“Reasonable compensation” is not a defined term.  When California courts determine “reasonable compensation,” they look at specific factors in accordance to California Rules of Court which are:


•    The gross income of the trust;
•    The success or failure of the trustee's administration, as measured, e.g., by the growth in value of the investments;
•    Any unusual skill, expertise, or experience that the trustee has brought to the position, e.g., investment management expertise;
•    The "fidelity" or "disloyalty" shown by the trustee,
•    The amount of risk and responsibility assumed by the trustee, as measured, e.g., by negotiation of oil leases or management of a large office building;
•    The time that the trustee spent performing trust duties;
•    The custom in the community, including the compensation allowed to trustees by settlors or courts and the fees charged by corporate trustees; and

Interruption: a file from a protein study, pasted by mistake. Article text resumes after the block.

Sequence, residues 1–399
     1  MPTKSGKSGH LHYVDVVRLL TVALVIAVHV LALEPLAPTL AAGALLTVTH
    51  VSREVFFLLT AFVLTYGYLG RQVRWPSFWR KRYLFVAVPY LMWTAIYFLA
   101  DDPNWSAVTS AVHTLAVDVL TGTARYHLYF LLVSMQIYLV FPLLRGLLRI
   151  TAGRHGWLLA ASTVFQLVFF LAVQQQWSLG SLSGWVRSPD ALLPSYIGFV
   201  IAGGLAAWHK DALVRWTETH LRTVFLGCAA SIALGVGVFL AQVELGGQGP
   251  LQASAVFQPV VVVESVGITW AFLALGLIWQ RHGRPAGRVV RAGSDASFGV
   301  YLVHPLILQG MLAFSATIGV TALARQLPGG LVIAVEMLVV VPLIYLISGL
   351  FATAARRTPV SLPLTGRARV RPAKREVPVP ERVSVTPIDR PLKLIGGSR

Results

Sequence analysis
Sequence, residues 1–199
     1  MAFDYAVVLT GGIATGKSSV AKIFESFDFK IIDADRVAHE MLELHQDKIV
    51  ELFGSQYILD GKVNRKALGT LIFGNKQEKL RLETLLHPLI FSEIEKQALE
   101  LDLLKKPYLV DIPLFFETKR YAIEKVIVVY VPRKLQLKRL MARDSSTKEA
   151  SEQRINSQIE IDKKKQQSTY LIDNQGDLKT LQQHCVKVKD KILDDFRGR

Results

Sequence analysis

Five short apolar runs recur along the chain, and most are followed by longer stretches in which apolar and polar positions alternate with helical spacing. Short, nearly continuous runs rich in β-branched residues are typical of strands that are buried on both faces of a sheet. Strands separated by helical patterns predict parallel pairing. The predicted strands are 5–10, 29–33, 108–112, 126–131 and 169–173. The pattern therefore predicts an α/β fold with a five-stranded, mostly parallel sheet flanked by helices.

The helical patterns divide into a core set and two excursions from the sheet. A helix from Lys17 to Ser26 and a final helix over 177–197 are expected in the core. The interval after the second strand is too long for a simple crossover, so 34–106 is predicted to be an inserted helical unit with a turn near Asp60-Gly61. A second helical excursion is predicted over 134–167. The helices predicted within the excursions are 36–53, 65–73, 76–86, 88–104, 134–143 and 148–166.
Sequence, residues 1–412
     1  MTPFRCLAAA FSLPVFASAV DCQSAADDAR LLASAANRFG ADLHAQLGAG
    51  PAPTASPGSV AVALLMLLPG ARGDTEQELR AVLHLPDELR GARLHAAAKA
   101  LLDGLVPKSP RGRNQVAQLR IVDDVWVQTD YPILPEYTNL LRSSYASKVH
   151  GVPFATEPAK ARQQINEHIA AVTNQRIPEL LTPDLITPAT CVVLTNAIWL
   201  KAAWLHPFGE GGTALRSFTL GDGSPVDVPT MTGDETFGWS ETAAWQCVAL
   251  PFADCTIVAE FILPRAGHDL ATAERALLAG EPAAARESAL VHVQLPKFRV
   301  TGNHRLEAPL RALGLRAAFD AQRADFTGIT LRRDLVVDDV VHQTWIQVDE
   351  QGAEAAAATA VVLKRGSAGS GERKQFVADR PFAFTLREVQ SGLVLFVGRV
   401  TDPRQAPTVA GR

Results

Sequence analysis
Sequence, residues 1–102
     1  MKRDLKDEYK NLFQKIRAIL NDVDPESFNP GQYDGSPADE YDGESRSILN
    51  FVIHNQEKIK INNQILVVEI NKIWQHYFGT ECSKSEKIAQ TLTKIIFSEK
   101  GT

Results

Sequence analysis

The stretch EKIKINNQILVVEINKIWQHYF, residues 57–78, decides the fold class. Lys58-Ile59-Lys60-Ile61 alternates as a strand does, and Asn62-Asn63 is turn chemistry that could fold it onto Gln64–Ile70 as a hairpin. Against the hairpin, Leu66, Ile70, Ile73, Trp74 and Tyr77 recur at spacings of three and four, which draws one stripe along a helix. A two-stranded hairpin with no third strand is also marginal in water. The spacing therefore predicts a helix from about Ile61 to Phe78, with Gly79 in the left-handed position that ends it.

•    Whether the work was routine or required more than ordinary skill and judgment.


In practice, most non-professional Trustees use corporate trustee fee schedules as an upper limit on their own fees.  These fee schedules are not legal standards but they may suggest benchmarks for what constitutes “reasonable compensation.”  Corporate trustee fees on the first $1 million of market value of trust assets tend to range from 1.0 to 1.3 percent and fees on the second $1 million tend to range from 0.70 to 1.25 percent per year.  Therefore, a non-professional trustee taking a fee slightly less than that would likely fall within “reasonable compensation.”